In fact, I’ve enjoyed great Canadian craft beer in every province except Newfoundland—but this Canada 150 summer I’m righting that wrong, heading to the legendary pubs of St. John’s in July. Pray for me.

Canada 150 six-pack

This summer, head out on a Canada 150 craft beer road trip. Or closer to home, on the Sippin’ Alberta Craft Beverage Culinary Trail. Or plan a staycation with the Red Racer Across the Nation Collaboration 12-pack, beers brewed to celebrate Canada 150 by Central City Brewing in collaboration with a craft brewer from every province plus the Yukon and NWT. Or go DIY with the suggestions below for a cross-Canada six-pack from Canada’s six major regions.

Click images to zoom

Garrison Brewing Imperial IPA
Imperial IPA

Garrison Brewing Imperial IPA, Atlantic

Located on the harbour in Halifax, Nova Scotia, Garrison Brewing is just 600 metres from Alexander Keith’s Brewery. Keith’s was founded in 1820, Garrison in 1997, yet it’s the new kids on the block who brew truer to what Alexander Keith was brewing two hundred years ago. Garrison’s Unfiltered Imperial IPA is a big, intense, bitter west-coast style IPA made well on the east coast.

Le Trou du Diable La Buteuse
Le Trou du Diable

Le Trou du Diable La Buteuse, Quebec

Le Trou du Diable, or the Devil’s Hole, is a craft brewery in Shawinigan, Quebec named after a whirlpool below Shawinigan Falls that local legend says is a bottomless hole that leads straight to hell. La Buteuse is a Belgian-style tripel, a big, complex ale with a touch of sweetness and spice. Named in tribute to Jesuit missionary Jacques Buteux who died in the Trou du Diable in 1652.

The Tom Green Beer
The Tom Green Beer

Beau’s Brewing The Tom Green Beer, Ontario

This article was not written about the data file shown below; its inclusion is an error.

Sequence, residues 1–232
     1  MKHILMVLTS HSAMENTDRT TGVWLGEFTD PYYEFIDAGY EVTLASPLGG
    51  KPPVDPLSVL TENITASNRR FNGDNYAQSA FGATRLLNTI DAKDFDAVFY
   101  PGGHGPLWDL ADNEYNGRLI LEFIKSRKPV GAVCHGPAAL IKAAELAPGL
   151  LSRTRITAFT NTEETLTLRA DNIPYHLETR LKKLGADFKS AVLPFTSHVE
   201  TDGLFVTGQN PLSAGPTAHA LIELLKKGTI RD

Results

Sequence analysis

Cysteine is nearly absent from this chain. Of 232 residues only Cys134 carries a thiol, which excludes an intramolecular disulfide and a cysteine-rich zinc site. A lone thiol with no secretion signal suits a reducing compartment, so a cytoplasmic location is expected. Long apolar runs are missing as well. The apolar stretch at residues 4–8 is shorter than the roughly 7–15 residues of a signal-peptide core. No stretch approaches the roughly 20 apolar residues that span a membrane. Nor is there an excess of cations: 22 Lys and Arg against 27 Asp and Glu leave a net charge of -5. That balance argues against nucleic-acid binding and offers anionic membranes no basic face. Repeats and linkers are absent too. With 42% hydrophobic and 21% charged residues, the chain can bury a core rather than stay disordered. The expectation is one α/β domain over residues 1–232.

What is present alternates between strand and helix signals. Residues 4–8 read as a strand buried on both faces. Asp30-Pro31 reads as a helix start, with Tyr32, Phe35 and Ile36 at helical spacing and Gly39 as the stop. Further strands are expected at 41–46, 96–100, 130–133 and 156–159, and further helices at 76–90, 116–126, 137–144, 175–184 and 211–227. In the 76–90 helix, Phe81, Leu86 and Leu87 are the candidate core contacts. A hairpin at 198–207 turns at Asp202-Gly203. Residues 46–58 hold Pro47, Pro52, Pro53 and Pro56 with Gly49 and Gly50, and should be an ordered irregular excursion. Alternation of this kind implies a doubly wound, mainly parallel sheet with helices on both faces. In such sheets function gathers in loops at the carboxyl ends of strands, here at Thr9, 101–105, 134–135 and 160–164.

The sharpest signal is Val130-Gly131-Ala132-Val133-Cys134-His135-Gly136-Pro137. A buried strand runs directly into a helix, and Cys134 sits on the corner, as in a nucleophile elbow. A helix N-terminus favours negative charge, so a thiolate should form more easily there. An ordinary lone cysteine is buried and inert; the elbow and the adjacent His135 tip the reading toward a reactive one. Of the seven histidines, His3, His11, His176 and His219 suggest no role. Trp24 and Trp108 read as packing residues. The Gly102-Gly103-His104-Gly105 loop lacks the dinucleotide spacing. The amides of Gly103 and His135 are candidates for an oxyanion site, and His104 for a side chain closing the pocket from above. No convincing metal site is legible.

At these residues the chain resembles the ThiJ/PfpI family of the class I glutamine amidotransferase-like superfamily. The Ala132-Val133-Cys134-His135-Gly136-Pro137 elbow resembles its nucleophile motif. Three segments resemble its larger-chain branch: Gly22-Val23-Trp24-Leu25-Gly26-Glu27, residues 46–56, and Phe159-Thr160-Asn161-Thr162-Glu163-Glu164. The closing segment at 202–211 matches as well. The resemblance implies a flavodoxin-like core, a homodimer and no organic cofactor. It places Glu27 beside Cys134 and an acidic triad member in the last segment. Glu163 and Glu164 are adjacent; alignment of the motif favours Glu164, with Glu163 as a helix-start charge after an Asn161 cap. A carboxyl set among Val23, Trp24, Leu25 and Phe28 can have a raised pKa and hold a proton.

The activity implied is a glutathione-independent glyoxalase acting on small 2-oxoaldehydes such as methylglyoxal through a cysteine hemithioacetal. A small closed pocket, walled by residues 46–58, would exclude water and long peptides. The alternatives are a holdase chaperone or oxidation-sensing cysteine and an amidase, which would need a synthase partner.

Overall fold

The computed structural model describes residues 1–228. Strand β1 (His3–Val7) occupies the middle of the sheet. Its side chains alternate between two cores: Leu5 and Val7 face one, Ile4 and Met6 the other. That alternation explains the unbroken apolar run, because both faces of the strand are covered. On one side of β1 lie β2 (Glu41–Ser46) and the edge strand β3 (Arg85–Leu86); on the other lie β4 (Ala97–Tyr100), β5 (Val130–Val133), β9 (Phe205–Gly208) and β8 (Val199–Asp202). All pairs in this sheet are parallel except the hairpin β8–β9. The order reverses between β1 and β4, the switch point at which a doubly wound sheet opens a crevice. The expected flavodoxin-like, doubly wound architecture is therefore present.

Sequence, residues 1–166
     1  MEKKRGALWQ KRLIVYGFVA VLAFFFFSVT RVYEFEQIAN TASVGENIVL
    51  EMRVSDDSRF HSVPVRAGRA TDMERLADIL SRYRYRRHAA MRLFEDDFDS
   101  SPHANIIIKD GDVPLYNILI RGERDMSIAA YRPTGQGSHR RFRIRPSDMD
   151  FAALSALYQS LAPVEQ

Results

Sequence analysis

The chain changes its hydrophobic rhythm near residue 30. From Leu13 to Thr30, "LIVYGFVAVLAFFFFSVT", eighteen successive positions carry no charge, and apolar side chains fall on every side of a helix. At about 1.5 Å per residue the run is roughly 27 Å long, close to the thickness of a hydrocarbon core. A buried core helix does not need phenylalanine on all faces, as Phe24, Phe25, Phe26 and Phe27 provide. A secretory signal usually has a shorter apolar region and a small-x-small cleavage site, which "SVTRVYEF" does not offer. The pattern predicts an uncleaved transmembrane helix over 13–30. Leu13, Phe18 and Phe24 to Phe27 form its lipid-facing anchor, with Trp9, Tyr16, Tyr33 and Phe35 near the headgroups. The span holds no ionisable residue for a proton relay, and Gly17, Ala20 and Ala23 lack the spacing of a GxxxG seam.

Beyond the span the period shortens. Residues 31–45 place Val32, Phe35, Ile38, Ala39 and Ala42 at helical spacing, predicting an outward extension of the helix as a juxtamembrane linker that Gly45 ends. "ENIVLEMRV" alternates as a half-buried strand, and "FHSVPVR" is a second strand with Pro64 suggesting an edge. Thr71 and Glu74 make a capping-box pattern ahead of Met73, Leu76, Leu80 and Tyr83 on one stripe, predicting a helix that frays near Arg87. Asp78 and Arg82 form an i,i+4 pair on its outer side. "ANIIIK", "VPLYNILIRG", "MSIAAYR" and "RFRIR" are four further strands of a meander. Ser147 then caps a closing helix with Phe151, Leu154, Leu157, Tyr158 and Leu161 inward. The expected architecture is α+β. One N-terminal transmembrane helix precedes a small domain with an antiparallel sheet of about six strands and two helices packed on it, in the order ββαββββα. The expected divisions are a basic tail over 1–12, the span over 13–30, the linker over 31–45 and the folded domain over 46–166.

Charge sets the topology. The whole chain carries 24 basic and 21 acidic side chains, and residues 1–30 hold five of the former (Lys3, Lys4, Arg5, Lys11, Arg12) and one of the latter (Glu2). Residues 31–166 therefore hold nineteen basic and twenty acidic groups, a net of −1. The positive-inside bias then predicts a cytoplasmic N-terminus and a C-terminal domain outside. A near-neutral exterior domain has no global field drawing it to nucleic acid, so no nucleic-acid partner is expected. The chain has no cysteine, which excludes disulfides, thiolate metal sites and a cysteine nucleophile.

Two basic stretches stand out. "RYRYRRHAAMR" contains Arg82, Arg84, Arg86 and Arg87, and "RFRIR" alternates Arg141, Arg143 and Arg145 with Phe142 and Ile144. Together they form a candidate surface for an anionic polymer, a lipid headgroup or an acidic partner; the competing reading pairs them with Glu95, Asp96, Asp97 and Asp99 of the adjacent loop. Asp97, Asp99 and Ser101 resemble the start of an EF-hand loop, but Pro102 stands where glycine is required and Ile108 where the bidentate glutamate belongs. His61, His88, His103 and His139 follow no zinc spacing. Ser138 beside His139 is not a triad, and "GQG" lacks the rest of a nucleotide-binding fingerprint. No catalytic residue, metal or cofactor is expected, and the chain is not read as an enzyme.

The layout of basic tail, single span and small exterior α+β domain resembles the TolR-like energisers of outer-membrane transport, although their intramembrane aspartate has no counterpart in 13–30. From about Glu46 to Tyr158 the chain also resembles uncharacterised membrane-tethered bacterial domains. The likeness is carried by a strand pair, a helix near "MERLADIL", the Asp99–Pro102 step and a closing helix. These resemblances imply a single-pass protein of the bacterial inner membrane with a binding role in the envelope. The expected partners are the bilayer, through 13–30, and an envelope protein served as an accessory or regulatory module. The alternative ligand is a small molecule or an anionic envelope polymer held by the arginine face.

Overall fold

Ottawa’s favourite craft brewery (located an hour outside the city in VanKleek Hill) and Ottawa’s favourite comedy son teamed up to create a delicious milk stout. Adding lactose (milk sugar) adds sweetness and added oats brings out a silky-smooth mouth-feel. The aroma is of roasted malt with notes of coffee and chocolate, the taste of malt and caramel.

White Raven IPA
White Raven IPA

Bench Creek White Raven IPA, Prairies

Head off Highway 16 at Edson into the thick black spruce woods north of town. Hacked out of the forest you’ll find Bench Creek Brewing. Check for bears before you open your door, then head to the tasting room for some great Alberta craft beers. White Raven IPA is a hoppy but quaffable American IPA with a piney citrus nose and a light fruity taste.


Four Winds Nectarous, Pacific

Delta BC’s Four Winds Brewing has made a name for itself with its stylish and adventurous beers. Nectarous, a dry-hopped sour beer, was named Beer of the Year at the 2016 Canadian Brewing Awards. This fabulous beer is all about the fruit – aromas of peach and mango, tastes of tart lemon and grapefruit with peach and tropical fruits.

Cranberry Wheat
Cranberry Wheat

Yukon Deadman Creek Cranberry Wheat, North

The North Whitehorse’s Yukon Brewing is celebrating Canada’s 150th anniversary and Yukon Brewing’s 20th anniversary by releasing 12 special beers, some new, some old favourites, one for each month in 2017. June’s release is a classic fruit beer first produced in the nineties using local low bush cranberries.

Peter Bailey just can’t wait to get on the road again. He’s @Libarbarian on Twitter and Instagram.